Embracing the Unknown

So many of us have been raised by loving and well meaning people who have tried to keep us safe by encouraging us to be fearful, whilst others of us are influenced by media and a society spreading warnings of those who took chances on the unknown and failed miserably. But what about everyone who succeeds or has adventure or learns not to mind when things don’t go as planned and to hold within their hearts the knowledge that often trusting in the unknown means they do or that something even better occurs?

If we are worried about the worst case scenarios in life, we will work to make sure we avoid them by forgoing the unknown and taking steps to make sure we stay certain and, therefore, safe. This way of living not only operates on the idea that the unknown equals danger and disaster but on a theory of compromise that prioritises a false sense of security over faith, optimism and possibility.

If we don’t wait for the house, the job, the partner we love because, we are told, we’ll never find anything perfect so we should just take what is available before it is too late and nothing is available, we are buying into a false forecast of a future based on doom and gloom and panic. What if we do stop waiting seconds, minutes or days before the right opportunity comes along?

Being responsible and trying to refuse the unknown are not the same thing. Planning is often crucial in life, as is the ability to go with the flow and re evaluate our path or our programme when we need to. Trying to mitigate all potential eventualities not only assumes that if we make plans and follow them to the letter, things will go as we want them to – wrong! – and we are left feeling deflated and unprepared when the unforeseen occurs but that all the unknown has to offer us is something less than what is available in the moment or that we can plan for ourselves.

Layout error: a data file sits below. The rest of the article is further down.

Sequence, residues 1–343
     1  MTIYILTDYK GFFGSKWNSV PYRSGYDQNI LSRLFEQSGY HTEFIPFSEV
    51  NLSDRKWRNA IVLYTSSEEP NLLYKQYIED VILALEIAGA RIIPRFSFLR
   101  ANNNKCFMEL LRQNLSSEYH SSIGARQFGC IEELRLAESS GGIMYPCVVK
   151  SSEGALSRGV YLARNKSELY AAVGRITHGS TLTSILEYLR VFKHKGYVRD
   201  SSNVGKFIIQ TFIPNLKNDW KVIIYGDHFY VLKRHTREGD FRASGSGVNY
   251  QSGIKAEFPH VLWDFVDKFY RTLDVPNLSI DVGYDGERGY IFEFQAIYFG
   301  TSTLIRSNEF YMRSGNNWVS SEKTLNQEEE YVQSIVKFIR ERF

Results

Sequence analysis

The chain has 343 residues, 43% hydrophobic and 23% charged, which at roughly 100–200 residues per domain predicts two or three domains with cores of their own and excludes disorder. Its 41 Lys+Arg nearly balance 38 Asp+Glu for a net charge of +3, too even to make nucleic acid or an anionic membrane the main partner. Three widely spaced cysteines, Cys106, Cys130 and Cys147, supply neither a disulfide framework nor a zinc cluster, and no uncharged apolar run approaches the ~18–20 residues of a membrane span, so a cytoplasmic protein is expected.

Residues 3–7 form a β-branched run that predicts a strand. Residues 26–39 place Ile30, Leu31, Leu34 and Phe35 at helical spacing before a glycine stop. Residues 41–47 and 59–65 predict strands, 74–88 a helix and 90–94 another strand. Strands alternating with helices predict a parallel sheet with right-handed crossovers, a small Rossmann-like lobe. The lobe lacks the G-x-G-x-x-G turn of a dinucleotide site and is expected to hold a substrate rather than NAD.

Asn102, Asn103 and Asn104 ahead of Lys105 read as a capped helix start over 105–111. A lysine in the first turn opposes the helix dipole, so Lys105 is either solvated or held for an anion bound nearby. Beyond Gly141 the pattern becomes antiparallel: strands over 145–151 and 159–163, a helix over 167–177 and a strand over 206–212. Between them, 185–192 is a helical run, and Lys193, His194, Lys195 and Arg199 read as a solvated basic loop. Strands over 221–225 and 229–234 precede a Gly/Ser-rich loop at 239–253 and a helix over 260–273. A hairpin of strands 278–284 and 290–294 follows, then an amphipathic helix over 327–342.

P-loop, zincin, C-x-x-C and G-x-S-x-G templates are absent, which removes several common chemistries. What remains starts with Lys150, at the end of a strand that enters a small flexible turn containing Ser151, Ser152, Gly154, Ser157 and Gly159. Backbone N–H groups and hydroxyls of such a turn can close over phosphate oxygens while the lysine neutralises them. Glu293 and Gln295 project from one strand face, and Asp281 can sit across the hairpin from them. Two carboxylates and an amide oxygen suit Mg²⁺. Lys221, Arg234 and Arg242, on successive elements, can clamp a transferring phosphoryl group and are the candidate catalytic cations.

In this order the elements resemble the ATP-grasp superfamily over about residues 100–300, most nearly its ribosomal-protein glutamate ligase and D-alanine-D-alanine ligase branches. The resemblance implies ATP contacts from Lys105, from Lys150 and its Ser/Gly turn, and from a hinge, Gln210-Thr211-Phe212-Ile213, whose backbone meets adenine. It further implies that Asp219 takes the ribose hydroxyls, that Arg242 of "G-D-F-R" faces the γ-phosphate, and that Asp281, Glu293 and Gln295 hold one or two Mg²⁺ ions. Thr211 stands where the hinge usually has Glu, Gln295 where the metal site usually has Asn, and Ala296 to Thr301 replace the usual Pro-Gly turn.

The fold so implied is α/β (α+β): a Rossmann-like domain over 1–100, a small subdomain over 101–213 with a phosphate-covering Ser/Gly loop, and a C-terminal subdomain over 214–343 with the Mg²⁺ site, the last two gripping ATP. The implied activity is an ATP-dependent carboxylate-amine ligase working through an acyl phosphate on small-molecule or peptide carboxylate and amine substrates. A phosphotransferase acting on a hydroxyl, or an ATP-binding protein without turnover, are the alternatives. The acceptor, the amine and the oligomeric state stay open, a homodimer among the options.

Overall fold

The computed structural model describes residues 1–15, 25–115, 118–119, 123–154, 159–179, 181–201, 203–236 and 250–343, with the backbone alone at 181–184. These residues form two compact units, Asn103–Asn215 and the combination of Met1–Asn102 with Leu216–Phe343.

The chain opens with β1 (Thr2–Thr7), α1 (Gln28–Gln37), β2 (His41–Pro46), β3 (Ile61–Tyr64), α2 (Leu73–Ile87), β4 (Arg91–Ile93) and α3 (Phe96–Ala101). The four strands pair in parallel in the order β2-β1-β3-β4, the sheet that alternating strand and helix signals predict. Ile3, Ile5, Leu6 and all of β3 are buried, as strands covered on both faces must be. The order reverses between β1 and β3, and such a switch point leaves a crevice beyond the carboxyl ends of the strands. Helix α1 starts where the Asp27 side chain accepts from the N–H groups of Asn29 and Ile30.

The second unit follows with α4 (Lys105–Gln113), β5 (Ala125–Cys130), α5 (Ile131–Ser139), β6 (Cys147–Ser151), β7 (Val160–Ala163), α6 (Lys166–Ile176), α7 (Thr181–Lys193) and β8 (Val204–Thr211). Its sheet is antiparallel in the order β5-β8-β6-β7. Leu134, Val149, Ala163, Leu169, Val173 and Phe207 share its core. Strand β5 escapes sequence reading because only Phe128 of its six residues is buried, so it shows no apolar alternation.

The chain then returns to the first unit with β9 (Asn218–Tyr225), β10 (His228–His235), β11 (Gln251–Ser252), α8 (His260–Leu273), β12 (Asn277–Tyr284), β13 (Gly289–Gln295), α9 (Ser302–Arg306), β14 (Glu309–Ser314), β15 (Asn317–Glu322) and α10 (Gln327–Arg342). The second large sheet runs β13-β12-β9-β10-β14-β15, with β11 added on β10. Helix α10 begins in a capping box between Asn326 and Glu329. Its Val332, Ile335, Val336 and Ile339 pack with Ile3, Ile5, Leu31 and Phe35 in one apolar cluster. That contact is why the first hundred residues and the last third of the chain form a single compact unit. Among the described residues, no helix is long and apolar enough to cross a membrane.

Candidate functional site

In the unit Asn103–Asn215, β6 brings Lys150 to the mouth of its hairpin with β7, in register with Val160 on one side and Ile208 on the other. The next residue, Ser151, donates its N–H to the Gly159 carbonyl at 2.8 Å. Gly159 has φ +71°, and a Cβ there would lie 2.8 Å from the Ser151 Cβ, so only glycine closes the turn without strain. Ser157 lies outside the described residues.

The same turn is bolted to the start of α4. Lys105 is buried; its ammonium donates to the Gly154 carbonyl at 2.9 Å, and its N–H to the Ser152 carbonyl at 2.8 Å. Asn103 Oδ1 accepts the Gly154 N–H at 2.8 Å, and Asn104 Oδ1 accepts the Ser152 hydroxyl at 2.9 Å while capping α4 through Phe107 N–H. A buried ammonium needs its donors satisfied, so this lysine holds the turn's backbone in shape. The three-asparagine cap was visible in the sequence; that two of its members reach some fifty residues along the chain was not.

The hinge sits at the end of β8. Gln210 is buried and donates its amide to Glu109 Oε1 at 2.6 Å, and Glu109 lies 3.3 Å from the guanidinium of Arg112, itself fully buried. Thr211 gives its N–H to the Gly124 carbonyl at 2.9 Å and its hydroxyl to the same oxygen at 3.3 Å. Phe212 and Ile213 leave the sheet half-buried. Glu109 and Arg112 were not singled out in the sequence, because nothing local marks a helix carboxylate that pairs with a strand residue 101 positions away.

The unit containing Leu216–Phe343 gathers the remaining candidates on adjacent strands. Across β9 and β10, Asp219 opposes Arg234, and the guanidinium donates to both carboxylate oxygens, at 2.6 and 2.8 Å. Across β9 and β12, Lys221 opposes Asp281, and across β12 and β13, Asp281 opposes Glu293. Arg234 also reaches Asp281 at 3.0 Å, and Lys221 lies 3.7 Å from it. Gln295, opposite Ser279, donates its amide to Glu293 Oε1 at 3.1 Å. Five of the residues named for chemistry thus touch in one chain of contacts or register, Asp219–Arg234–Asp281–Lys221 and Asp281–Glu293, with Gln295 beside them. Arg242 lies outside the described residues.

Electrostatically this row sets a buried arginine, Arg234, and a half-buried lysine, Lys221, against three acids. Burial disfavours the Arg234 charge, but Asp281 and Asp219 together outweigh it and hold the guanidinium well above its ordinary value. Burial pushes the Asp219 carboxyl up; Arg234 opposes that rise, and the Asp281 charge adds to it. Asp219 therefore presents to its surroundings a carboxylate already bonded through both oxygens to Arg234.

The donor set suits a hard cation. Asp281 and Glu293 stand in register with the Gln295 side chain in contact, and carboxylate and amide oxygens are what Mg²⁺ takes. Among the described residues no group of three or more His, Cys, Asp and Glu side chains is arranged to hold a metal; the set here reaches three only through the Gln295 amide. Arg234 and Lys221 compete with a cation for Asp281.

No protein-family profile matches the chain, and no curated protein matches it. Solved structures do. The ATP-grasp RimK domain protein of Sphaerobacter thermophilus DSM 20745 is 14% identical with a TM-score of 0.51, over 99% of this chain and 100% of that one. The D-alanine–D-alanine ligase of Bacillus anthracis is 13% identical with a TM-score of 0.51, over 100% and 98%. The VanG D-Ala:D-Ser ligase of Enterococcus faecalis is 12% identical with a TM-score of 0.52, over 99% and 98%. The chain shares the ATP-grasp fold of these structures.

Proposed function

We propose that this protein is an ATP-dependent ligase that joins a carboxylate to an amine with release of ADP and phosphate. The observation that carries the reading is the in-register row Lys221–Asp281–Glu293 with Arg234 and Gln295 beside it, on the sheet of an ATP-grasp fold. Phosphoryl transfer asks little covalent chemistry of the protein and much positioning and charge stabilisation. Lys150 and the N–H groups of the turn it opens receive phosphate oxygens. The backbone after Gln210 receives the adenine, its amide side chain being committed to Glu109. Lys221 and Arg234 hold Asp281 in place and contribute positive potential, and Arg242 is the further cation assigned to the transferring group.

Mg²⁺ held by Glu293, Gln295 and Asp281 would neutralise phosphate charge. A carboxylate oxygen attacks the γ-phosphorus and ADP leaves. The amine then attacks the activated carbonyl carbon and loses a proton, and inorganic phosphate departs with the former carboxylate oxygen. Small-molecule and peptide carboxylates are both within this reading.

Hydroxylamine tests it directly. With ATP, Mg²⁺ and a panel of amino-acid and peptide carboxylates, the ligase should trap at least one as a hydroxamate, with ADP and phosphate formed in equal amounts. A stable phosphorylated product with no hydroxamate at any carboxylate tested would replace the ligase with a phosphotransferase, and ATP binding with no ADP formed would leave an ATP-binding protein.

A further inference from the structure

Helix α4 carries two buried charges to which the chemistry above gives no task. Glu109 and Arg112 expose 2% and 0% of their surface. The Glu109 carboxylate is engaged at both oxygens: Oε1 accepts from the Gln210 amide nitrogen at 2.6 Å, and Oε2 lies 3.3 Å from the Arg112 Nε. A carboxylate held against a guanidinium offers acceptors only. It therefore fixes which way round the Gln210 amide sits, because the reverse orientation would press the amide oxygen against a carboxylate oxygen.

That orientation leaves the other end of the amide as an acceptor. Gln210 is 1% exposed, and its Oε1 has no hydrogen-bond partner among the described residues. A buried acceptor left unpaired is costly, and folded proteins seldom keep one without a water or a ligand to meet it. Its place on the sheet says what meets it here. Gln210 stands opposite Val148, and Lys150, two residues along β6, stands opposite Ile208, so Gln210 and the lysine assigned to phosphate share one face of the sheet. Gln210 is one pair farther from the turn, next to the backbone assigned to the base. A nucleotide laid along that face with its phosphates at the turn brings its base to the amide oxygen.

We cannot read the future and often the claims that we are acting from an understanding of what will happen based on what has happened in our lives are baseless because of how unreliable memory is and because we perceive the world according to our point of view in the moment. What we see is determined by how we think and the beliefs and opinions we energise. If we do not believe in the potential of the unknown to offer us all that we wish for, more than is currently available and the chance to experience something better than are told we should settle for, we probably won’t notice when we are offered it.

Security is an illusion. Yes, it makes sense to fill the car with petrol before a long trip and get a good night’s sleep before a big event but choosing a destination we don’t really want to go to or deciding not to attend an occasion in an effort not to get our hopes up or risk feeling dissatisfied refuses the potential of the unknown to offer us opportunities for joy, newness, excitement and pleasure and operates on a shaky logic that experiencing disappointment or boredom is detrimental to our health, outside of our control and cannot easily get over.

Miracles happen. Faith is rewarded. When we leave our comfort zones and venture into the unknown, we learn, we expand and we grow. Putting plans in place and taking responsible action in life make obvious sense but compromising on what we really want out of a fear that life will be fatally upended, destroyed or damaged if we choose to wait for it only sees us less able to cope when our day to day lives go awry, frightened of things not working out as we planned for fear of feeling momentarily unhappy and unable to recover and living a life that is less than we deserve.

If we make sensible choices and also trust in the unknown to offer us a fulfilling and exciting experience at the same time, we take action towards creating and maintaining a responsible and secure life in the ways that are necessary whilst trusting that the unknown holds limitless possibilities for enjoyment and fulfilment. Being afraid of a future we can’t predict doesn’t make us psychic but limited; in our ability to embrace the unknown, in our capacity for resilience in the face of challenge or difficulty and in our potential for creating a truly great life that allows for moments of dejection and bounces back to create a new plan that makes sensible choices for avoiding true danger and upheaval whilst allowing for the possibility that things might turn out even better than we could have imagined in an unknown future we do not have the power to foresee.